Sunday, October 07, 2007

PLAY: "When the Messenger is Hot"

Photo/Jay Geneske

I haven't read When the Messenger is Hot, the book of short stories by Elizabeth Crane that has been adapted by Laura Eason and developed by Steppenwolf Theatre Company (now visiting from Chicago as part of the 59E59 GoChicago! Festival). But lines like "watching the morning sun glint off his crack-pipe made me realize that maybe Steven and I weren't meant to be" easily make the jump from print to stage, the sort of self-conscious poetry that the narrator of her own play can get away with. Crane's voice (distinct, fresh, and delightfully deprecating) makes the jump, but the play itself doesn't totally work: it comes across exactly as what it is, a series of short stories that have been crammed together into an 80-minute play, more fractured confession (three actresses simultaneously play the lead, Josie) than solid narrative.

The pace works best when focussed around Crane's elegant fable, "Return from the Depot!", in which a daughter refuses to accept her mother's cancerous death and is vindicated when her mother returns, three years later, to chalk the whole thing up as a misunderstanding. It's a plucky piece, and the mother (Molly Regan) is a real firecracker of a broad, all curses and charm. The surrounding collection of stories, however, focus on Josie's inability to find a man who won't horribly mistreat her, and Coburn Goss (who plays all the men) doesn't have enough personality to keep these scenes fresh.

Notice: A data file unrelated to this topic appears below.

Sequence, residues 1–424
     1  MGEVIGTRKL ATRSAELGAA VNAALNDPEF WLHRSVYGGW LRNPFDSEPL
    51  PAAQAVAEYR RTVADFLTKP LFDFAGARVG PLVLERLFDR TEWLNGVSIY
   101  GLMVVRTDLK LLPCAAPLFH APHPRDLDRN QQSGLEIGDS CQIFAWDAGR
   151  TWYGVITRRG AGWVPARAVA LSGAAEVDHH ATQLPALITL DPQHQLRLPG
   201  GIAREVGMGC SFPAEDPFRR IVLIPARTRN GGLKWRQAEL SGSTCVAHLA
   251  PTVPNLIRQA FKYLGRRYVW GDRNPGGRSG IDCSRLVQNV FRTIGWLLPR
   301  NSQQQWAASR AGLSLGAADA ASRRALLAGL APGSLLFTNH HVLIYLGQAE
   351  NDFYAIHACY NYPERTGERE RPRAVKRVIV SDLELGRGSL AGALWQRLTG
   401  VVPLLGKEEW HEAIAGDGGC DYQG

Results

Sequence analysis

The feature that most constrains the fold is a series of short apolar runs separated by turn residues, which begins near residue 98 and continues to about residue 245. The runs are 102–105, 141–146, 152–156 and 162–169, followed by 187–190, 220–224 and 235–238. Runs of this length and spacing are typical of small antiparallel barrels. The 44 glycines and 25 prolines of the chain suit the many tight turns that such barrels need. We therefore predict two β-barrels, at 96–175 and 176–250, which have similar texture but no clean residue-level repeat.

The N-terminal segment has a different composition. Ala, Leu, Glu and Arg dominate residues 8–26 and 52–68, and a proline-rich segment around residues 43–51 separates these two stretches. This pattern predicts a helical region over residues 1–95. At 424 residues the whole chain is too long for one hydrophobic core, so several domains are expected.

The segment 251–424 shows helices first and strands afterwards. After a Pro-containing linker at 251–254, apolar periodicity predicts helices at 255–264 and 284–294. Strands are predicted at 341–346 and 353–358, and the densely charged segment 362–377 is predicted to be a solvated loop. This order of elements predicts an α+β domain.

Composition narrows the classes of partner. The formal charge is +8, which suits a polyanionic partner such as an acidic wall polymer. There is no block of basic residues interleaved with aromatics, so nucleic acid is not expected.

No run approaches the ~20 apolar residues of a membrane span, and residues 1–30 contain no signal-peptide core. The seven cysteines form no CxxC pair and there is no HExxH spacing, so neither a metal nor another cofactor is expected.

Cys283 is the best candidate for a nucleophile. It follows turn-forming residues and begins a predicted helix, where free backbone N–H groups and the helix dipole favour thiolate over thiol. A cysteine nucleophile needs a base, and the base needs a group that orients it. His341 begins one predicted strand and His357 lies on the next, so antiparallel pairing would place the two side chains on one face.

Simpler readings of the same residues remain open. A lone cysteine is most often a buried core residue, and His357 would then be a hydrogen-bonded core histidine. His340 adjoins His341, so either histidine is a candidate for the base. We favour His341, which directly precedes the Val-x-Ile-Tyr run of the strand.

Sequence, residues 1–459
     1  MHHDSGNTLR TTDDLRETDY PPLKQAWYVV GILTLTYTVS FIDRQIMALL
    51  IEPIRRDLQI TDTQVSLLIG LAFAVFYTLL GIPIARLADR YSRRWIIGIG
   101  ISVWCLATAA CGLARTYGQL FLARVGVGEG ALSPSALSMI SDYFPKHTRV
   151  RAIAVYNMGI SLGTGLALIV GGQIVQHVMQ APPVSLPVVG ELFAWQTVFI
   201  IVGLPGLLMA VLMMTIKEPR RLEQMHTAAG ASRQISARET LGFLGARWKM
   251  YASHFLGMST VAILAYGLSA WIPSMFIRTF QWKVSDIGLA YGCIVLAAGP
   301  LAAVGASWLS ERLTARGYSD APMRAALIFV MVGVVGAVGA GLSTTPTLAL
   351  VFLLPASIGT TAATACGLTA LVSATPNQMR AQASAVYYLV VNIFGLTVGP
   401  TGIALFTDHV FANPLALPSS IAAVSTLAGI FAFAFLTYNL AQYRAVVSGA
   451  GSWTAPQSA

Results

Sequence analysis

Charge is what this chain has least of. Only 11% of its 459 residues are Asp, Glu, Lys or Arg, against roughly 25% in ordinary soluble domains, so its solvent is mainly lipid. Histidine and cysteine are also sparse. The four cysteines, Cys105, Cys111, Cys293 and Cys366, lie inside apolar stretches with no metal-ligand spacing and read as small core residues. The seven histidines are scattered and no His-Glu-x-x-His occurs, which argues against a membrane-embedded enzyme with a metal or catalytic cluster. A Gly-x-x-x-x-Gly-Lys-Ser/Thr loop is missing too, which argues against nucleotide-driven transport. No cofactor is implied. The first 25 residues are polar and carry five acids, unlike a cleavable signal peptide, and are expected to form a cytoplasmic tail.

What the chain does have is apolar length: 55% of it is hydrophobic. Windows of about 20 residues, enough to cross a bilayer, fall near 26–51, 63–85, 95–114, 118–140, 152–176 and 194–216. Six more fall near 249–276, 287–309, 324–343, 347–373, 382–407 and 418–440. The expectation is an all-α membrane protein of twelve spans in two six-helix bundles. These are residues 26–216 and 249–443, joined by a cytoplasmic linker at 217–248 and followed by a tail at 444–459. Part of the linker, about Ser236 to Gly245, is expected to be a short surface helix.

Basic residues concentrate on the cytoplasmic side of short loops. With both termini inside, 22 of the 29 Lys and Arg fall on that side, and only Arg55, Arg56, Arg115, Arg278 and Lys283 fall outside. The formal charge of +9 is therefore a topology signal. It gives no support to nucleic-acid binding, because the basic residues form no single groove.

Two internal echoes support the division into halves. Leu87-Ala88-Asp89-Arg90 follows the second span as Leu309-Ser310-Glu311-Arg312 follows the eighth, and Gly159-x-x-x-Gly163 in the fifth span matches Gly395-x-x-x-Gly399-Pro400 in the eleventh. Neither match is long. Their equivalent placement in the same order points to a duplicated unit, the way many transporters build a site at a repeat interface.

The play becomes a three-person monologue, the internal-made-external patter of the three Josies (Kate Arrington, Lauren Katz, and Amy Warren). There are a few segments where this works, such as in "Year at a Glance!", where the women glance back at their first year of grief and assess where they are: "I realize I am marking time in 'Days since.'/I join a support group./I quit the support group because it's depressing./I feel surprised it's depressing./I notice I am marking time in 'Months since.'" The quick banter here is necessary, and works to show the rapid and totally distinct shifts in a person's mind. But it's often more distracting than hilarious, something director Jessica Thebus must have noticed, as she has Kate Arrington grieve alone when her mother "disappears" again. There are some moments that can't be shared, and Arrington's performance, a flood of tears that dry up into an enabling laugh, is proof that the story isn't flawed, just strained by the presentation.

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